Cumulus covers

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Cumulus oophorus or cumulus is a sphere of loosely arranged granulosa (follicular) cells surrounding the ovum or egg. These cells originate from the membrana granulosa layer. The meaning of “Cumulus oophorus” is an egg-bearing little cloud. Cumulus oophorus is also known as discus proligerus. These cells surround the ovum both in the ovarian follicle as well as after ovulation.

Several studies show that the proteins secret by cumulus cells are vital for follicular development, the development and maturation of oocytes, and normal ovulation. They induce the transportation of nutrients to the oocyte, amino acid transport, sterol biosynthesis, and gene transcription in the oocyte. In mammals, cumulus cells also interact with the egg or spermatozoa and promote fertilization. However, the underlying mechanism is not clear. Past research shows that the removal of the cumulus cells from eggs causes a decline in fertilization rates.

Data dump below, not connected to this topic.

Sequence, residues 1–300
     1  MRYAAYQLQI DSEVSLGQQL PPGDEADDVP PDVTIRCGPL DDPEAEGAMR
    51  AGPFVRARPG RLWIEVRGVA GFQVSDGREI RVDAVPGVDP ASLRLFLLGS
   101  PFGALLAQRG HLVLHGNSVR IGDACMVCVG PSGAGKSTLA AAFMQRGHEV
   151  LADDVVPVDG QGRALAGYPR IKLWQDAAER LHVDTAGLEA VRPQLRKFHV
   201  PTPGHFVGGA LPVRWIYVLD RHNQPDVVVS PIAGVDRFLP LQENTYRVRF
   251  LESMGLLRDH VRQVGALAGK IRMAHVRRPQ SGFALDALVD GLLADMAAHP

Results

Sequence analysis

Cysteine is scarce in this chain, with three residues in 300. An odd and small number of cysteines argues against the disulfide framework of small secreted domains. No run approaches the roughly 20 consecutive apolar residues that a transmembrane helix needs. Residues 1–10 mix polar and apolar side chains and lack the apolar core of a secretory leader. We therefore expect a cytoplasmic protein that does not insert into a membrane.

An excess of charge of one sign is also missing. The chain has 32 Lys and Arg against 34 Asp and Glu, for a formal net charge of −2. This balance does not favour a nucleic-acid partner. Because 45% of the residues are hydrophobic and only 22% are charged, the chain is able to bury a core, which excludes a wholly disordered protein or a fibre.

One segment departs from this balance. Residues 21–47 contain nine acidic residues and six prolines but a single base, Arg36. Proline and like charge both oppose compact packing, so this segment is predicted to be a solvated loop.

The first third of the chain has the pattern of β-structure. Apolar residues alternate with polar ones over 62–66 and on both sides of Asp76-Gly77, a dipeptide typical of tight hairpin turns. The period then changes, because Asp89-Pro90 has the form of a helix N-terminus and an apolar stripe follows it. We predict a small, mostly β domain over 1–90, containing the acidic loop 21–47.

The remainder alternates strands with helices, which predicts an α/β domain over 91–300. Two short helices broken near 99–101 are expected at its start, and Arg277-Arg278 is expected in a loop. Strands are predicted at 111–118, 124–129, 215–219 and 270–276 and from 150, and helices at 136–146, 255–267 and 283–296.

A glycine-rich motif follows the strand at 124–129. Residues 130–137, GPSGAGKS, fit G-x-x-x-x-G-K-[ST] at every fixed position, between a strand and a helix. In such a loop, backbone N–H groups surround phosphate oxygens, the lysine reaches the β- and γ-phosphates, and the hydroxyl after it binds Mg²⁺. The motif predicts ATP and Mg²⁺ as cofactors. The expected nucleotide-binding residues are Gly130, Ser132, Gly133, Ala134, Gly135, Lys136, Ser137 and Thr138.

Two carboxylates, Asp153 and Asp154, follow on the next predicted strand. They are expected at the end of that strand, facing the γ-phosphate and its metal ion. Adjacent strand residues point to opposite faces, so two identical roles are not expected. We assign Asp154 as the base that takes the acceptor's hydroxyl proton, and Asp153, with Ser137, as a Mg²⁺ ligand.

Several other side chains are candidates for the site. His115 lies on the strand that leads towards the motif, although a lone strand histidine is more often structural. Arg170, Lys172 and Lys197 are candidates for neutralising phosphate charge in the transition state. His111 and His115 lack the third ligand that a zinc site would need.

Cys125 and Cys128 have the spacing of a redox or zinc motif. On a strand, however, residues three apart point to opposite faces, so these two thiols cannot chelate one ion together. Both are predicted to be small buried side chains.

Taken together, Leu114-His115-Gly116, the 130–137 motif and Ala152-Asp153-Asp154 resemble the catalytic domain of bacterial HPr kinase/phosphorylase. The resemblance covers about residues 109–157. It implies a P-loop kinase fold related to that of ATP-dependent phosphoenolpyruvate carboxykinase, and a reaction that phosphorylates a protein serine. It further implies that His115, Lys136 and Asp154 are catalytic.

Hyaluronic acid is the main cementing material present between the cells in the cumulus oophorus. When a sperm enters the cumulus oophorus, the enzyme hyaluronidase present in the sperm head dissolves the cementing material hyaluronic acid. Upon dissolution of hyaluronic acid, the sperm penetrate the cumulus cells and reach the zona pellucida.

Oocyte maturation inhibitor, a low molecular weight peptide secretes by cumulus cells that control the meiosis in the oocyte.